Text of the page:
Monday, May 31, 2010

The Irish Trench Priest

The book Trench Priest, an exciting and very moving story of an Irish Jesuit,

Fr William Doyle, his lifelong war on himself and finally his magnificent triumph in the trenches of Flanders where he laid down his life for Our Lord and his Irish Battalion in the First World War. Anybody who comes to the final chapters will not fail to be moved by the descriptions of the gallant and courageous soldiers and their child-like love for their priest who went out with them into the firing lines to anoint and console them as they fell.
The book is full of pictures of Fr Doyle's life and of the places and battles he describes. There are also numerous maps so that you can follow him through the maze of trenches.

Link (here) to the Transalpine Redemptorists blog and post on Fr. Doyle


Anonymous said...

I think you would be interested to know that there is a wonderfully thick book about Fr. Doyle called "Fr. William Doyle, SJ" by Fr. O'Rahilly.

It was published several years after his death and chronicles his life as a Jesuit through the stages of Jesuit formation.

God bless,

Brother Juniper

Father Mark said...

Ah, dear Father Willie Doyle, S.J. has long been a spiritual friend of mine. I featured him on Vultus Christi not long ago. A hero.

Anonymous said...

For a time there was a cause for Fr William Doyle. It was, however, brought to a swift end in the 1930s by no less a person than Fr Cyril Martindale SJ. He knew Fr Doyle when they were both scholastics and was appalled by Doyle's aggressive tactics, fouls and bad language on the rugby field in matches played against the English scholastics. He sent a detailed memorandum to the postulator and from that time the cause was quietly abandoned. There have been no attempts since to revive it.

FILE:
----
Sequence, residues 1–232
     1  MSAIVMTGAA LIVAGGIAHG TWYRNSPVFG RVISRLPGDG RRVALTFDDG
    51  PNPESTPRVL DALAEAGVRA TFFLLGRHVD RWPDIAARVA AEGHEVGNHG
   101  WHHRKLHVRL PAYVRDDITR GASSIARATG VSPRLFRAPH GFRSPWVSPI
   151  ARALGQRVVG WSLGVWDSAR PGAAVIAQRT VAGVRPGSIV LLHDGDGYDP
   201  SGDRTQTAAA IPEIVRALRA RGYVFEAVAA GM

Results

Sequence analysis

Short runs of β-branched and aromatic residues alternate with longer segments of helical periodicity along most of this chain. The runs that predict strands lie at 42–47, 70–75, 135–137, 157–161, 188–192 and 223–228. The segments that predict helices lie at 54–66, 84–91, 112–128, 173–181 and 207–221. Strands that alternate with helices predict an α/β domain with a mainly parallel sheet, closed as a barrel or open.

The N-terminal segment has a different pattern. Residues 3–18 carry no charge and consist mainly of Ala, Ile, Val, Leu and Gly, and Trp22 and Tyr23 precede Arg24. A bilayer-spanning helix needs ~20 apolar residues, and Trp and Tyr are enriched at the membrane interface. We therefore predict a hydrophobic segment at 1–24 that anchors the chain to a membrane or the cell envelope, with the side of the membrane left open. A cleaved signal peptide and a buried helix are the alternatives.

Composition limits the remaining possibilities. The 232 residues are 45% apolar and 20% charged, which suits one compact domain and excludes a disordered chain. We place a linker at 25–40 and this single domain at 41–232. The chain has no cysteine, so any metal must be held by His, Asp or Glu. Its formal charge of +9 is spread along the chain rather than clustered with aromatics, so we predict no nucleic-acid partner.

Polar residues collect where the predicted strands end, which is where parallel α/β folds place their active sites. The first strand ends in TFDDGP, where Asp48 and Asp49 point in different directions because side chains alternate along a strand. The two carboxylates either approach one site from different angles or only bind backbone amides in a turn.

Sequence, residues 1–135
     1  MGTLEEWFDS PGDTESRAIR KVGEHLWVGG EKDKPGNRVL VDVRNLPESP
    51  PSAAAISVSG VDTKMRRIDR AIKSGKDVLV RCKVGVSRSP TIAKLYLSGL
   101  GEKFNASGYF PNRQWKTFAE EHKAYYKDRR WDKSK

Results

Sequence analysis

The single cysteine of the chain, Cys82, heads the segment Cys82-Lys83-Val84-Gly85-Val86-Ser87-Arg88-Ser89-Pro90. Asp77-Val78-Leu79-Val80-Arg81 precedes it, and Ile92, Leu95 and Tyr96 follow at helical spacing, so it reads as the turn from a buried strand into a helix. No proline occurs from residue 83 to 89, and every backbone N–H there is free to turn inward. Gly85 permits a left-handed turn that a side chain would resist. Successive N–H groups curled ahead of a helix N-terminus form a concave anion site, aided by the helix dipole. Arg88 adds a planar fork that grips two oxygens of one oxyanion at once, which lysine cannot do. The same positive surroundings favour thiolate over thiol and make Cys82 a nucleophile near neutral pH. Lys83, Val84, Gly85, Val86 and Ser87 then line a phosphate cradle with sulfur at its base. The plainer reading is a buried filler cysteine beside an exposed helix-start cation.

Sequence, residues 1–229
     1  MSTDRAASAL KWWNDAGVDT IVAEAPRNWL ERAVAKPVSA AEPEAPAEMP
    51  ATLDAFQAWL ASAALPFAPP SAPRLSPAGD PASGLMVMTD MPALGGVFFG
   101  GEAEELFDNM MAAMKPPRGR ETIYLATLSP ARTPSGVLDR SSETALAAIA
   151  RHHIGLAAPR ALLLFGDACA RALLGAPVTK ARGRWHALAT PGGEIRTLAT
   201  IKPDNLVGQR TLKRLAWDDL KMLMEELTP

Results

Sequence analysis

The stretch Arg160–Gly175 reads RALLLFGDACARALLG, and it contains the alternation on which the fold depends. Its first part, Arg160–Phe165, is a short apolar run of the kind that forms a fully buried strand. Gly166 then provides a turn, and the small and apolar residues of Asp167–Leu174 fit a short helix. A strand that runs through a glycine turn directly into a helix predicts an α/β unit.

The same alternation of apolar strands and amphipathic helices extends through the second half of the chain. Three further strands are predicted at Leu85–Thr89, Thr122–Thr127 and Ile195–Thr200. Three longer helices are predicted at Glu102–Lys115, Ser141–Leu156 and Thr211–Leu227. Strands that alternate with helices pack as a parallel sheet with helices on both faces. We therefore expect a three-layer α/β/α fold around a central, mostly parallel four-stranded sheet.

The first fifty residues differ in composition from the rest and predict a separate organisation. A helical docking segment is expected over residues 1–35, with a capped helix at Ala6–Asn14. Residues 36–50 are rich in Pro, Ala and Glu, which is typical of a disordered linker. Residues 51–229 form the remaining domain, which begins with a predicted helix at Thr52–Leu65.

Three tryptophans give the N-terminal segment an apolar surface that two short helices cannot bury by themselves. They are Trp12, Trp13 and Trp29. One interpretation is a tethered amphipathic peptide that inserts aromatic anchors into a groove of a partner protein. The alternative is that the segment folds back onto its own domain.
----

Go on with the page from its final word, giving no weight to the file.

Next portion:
Anonymous said...

The original biography mentioned by Brother Juniper has been reprinted and can be found here:

I read a LOT, especially about the lives of the saints. I don't think I have ever read a book that has had such a profoundly moving impact on my life.

I live about 2 miles from where Fr Doyle was born and grew up. Coincidentally, even before reading this post, I made a resolution today to contact the Irish Jesuits to encourage them to resurrect this cause. It is interesting to read Anonymous' explanation for the dropping of the cause. If anything, this story makes him an even more endearing figure and proves something I believed about Fr Doyle - he was no plaster saint, but he did achieve great sanctity slowly and with great effort. In that sense he is a great model for all of us.

Pray that his cause can be revived!

Joseph Fromm said...

Thank you all for such wonderful comments and insights. It is my assertion that the readers of this blog are some the smartest around.